Friday, 14 May 2010

FV Trident Formal Investigation – the distance from reality

Toto, I’ve a feeling we are not in Kansas anymore” (Dorothy Gale, from the film The Wizard of Oz)

With every day that passes, it becomes more and more apparent that the UK government would very much like the Trident court of inquiry to dismiss the findings of the original 1975 public investigation and conclude instead that the loss of the vessel and its seven crew was caused by some reason other than deficient stability. 
In fact, the cause for the loss that has been proposed by the inquiry’s Joint Panel of Experts (JPE), after many years of deliberation, and which the Government is vigorously promoting is that:

 “The cause of this capsize is attributed to specific sea-keeping characteristics of the vessel combined with the prevailing sea conditions at the time”

To arrive at the above conclusion, without or in spite of the available factual evidence, a few premises need to be introduced beforehand, which when you use a long enough chain of estimative processes, approximations and other abstractions of reality, and when you are not constrained by empirical verification, can be quite easy.

In order to demonstrate and produce evidence about the behaviour of the Trident in various sea conditions the Maritime Research Institute Netherlands (MARIN) was hired to construct a physical model of the vessel, which was tank tested in the weather conditions specified by the inquiry Joint Panel of Experts (JPE), as well as a Fredyn numerical model, which was tuned using the tank testing results from the physical model.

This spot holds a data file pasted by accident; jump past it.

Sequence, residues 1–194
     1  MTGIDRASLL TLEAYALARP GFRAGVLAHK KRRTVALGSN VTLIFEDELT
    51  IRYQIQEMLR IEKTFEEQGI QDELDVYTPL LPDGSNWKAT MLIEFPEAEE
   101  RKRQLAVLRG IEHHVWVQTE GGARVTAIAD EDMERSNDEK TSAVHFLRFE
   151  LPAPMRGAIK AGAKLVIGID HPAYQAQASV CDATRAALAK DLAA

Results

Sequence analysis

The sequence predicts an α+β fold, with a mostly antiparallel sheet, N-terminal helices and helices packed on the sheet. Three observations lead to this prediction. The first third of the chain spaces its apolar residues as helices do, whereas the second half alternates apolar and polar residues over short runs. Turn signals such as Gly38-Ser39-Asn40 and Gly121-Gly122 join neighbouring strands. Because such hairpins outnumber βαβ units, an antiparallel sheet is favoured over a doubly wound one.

Trident’s weight and centre of gravity details, normally derived from an inclining test, used by MARIN to build their models were, however, a step further from reality since they had been obtained from sister vessel data and negotiations amongst the parties represented at the inquiry.
The weather conditions, specified by the JPE, inconsistent with several eyewitness testimonies and the findings of the original investigation [*], were derived from two weather hindcasts – i.e. other approximations of reality – and then processed for the purpose of providing the necessary parameters for the model. 
How this processing was done and how reliable its outputs were, we may never be able to fathom. All we really know is that the conclusions drawn by the inquiry experts from these hindcasts suggest that, on the day when the Trident was lost, the winds and the sea waves were much bigger than the testimony given at the time of the 1975 inquiry indicated.
What is more, the MARIN physical model was only run for a limited number of wave settings, leaving the scientists to analogise freely as to the reactions of the model to other sea conditions.

Then, of course, the error propagation comes into play and, in the end, the results obtained from this combination of successive abstractions of reality, with their accumulated errors and subjectivity, doesn’t inspire great confidence.

In short, it can be argued that testing the behaviour of a vessel whose displacement and centre of gravity at the time of her loss are not accurately known, under weather conditions the parameters for which appear to have been interpolated from extrapolations, by means of a model which incorporates a number of possibly debatable assumptions and suppositions as well as a series of further abstractions, validating this model against another model, observing it through a very limited number of tests and assessing the test results using yardsticks and norms that have not been accepted in the wider maritime community, takes us a some distance from reality and from a level of certainty than we might consider suitable to a fatal accident investigation.
[*] If we understood correctly the press reports on this subject, the victims’ families were prevented from appointing their own weather specialist. (Aberdeen Press and Journal, 02 November 2009, Trident families’ weather expert is disallowed)

No comments:

Post a Comment